Written by Paul Robert Coyle
Directed by Les Landau
Season 2, Episode 14
Production episode 40512-434
Original air date: February 6, 1994
Station log: O’Brien, not wearing a combadge, takes the Rio Grande through the wormhole, on course for the Parada system. The Mekong is following him, but both runabouts are at maximum speed, so the other runabout won’t catch up to him until he drops out of warp.
He records a log entry to “set the record straight” about the last couple of days. He first noticed something was wrong the first morning after he got back to the station following a week-long mission to Parada where he was being trained in their security procedures for their peace talks, which will be held on Deep Space 9. He wakes up at 5.30am to discover the bed empty, Keiko claiming to be up early to catch up on schoolwork. Molly doesn’t want to talk to O’Brien, and Keiko nervously takes their daughter with her to school.
Then O’Brien is surprised to find DeCurtis, one of his people, doing work on the security systems for the selfsame peace talks. O’Brien thinks DeCurtis should wait for Odo to return from Bajor to start working, but DeCurtis says he’s on orders directly from Sisko. O’Brien, annoyed at being kept out of the loop regarding the allocation of his personnel, goes to talk to the commander, only to find him having an intense conversation with Keiko outside the school.
When O’Brien arrives in Ops, Bashir is insistent that O’Brien take his physical, reinforced by Sisko. After querying O’Brien about the Paradas, Sisko informs him that the upper pylons have failed, so he’ll have to be busy with that while the engineering crews handle the security arrangements. Sisko also says that he was talking with Keiko about Jake’s poor grades.
Bashir’s physical takes a very long time, so much so that O’Brien fears that he’s got some kind of fatal disease, but after poking and prodding and giving him a more thorough physical than he’s ever had before, Bashir gives him a clean bill of health.
On his way back to work, O’Brien bumps into Jake, who reveals that he’s having no issues at school whatsoever. But Sisko was telling the truth about the upper pylons: they’re a mess. He takes a break to check on DeCurtis, and wants to check out the arrangements, but DeCurtis says that only Kira has the access codes to the room. When O’Brien contacts Kira to get them, Sisko jumps in and tells O’Brien to get back to the upper pylons, as they need to be fixed posthaste. After he leaves, O’Brien looks back from around the corner to see that DeCurtis has access to the room also. The actual problem with the pylon itself was so deep in the system that O’Brien suspects it was sabotaged.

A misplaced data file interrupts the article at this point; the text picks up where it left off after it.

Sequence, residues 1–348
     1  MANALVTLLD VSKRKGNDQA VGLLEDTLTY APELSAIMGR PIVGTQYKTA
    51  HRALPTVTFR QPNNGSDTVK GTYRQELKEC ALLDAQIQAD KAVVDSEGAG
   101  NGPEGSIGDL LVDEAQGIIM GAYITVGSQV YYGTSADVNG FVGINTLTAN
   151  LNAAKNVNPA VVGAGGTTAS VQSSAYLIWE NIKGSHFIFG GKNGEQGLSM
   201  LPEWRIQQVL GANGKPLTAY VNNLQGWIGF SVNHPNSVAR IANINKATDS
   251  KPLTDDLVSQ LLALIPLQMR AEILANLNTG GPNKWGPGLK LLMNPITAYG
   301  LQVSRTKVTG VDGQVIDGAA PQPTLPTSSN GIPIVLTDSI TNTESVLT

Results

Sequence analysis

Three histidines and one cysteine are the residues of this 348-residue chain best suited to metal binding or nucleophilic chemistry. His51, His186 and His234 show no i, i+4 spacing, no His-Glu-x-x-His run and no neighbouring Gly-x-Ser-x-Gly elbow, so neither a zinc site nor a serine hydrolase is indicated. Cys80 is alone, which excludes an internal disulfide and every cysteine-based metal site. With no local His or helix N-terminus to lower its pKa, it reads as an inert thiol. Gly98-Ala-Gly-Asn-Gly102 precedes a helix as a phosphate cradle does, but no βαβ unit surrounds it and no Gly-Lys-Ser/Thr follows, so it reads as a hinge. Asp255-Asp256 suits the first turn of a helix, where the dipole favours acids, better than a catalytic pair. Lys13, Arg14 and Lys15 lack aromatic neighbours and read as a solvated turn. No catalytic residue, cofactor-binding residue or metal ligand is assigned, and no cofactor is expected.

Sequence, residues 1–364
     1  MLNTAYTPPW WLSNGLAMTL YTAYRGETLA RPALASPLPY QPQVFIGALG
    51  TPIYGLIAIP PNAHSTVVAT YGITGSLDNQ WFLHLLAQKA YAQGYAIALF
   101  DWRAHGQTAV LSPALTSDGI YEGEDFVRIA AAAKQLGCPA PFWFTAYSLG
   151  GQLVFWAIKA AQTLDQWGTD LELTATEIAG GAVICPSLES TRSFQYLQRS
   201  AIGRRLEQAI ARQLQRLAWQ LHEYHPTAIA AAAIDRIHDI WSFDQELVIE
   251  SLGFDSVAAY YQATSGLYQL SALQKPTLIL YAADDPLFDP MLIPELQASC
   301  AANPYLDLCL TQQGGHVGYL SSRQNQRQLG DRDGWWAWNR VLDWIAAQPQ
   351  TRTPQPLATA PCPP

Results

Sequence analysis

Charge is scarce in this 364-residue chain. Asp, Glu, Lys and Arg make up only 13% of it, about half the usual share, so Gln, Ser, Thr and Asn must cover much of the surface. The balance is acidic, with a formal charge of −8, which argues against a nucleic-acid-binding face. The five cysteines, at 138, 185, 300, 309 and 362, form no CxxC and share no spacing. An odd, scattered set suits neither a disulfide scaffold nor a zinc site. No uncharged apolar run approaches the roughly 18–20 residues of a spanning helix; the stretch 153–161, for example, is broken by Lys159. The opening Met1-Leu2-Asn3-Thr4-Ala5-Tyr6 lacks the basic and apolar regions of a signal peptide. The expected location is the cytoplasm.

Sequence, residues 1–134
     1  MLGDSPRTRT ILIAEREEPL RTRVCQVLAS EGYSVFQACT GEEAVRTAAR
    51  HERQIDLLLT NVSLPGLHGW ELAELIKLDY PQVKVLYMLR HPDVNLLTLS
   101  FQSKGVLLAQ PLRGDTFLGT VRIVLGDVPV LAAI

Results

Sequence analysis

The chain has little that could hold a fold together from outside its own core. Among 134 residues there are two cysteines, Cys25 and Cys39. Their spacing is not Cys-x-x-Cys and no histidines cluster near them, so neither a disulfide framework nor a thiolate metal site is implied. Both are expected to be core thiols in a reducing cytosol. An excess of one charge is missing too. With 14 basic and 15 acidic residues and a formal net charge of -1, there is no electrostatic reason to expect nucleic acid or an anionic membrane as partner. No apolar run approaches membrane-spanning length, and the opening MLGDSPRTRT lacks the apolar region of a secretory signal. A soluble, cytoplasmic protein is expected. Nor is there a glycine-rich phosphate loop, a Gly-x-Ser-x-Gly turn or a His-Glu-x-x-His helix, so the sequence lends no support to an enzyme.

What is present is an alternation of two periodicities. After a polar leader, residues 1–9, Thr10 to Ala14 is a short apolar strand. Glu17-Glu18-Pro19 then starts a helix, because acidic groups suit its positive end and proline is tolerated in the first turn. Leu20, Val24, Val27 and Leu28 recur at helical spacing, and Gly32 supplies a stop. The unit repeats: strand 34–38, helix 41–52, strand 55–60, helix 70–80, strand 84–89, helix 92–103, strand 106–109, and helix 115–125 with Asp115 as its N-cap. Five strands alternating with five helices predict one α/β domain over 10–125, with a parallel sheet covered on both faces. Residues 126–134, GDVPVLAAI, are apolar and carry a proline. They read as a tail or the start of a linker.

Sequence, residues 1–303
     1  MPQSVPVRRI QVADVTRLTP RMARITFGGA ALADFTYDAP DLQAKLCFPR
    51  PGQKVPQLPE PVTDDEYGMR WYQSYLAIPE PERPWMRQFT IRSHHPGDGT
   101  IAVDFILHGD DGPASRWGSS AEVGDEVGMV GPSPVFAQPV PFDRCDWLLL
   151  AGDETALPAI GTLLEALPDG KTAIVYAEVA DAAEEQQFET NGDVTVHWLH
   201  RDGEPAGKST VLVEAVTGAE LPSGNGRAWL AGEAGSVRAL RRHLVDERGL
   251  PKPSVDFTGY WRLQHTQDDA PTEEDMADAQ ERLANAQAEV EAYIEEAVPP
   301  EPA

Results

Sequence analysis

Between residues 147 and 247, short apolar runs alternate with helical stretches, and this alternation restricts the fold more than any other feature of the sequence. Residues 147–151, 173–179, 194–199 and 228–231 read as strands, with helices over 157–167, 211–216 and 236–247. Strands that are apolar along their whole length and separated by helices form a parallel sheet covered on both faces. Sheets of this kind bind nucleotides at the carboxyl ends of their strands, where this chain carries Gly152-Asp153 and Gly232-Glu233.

He arrives home to find that Molly’s staying with friends, but his hope that this might mean a romantic evening alone with his wife is quickly dashed by Keiko. Their dinner is awkward, and O’Brien is convinced that this isn’t his wife. After Keiko goes to sleep, O’Brien does a sensor sweep, checks records, tries to figure out what’s going on. He listens to all the official logs of everyone on the station—until he reaches the date he got back to the station from Parada, at which point access is denied to all log entries, even after he enters his security code. He uses his mad engineer skillz to get past the lockout to discover that there were massive concerns about Paradan security, and deep examination of O’Brien’s reports and his personal logs.
When Odo returns from Bajor, O’Brien grabs him as soon as he disembarks from his transport and shares his suspicions. Odo tells O’Brien to go about his business normally while he looks into it. Later, Odo calls O’Brien to his office and starts asking questions about the Paradans, which gets O’Brien’s hackles up. Sisko, Kira, and Bashir then enter Odo’s office, weapons raised, but O’Brien is prepared for that, and tosses a flash grenade and escapes to the corridors. Tossing his combadge, he manages to evade every security measure using some more of his mad engineering skillz, finally using a cargo transporter to beam himself to the Rio Grande, having already unmoored the runabout and disabled the station’s tractor beam. The station fires on the runabout, to no avail, but O’Brien contacts Admiral Rollman only for her to tell him to return to the station.
We’ve now caught up to the framing sequence, and the Rio Grande arrives at Parada. O’Brien loses the Mekong using some trickery involving a moon’s magnetic pole, then tracks the other runabout to Parada II. O’Brien follows them there and finds Sisko, Kira, and two Paradan rebels. One Paradan shoots O’Brien, and then we discover that Bashir is there also—treating another O’Brien.
It turns out that the O’Brien we’ve been in the POV of this whole episode isn’t O’Brien, but rather a replicant, a perfect duplicate of O’Brien sent to the station to sabotage the peace talks. Once the peace talks started, a trigger in Fake O’Brien would activate and perform the necessary sabotage. Sisko and the others kept Fake O’Brien busy on the station until the rebels could locate the real O’Brien, but when the real one was rescued, the replicant had already buggered off in the Rio Grande.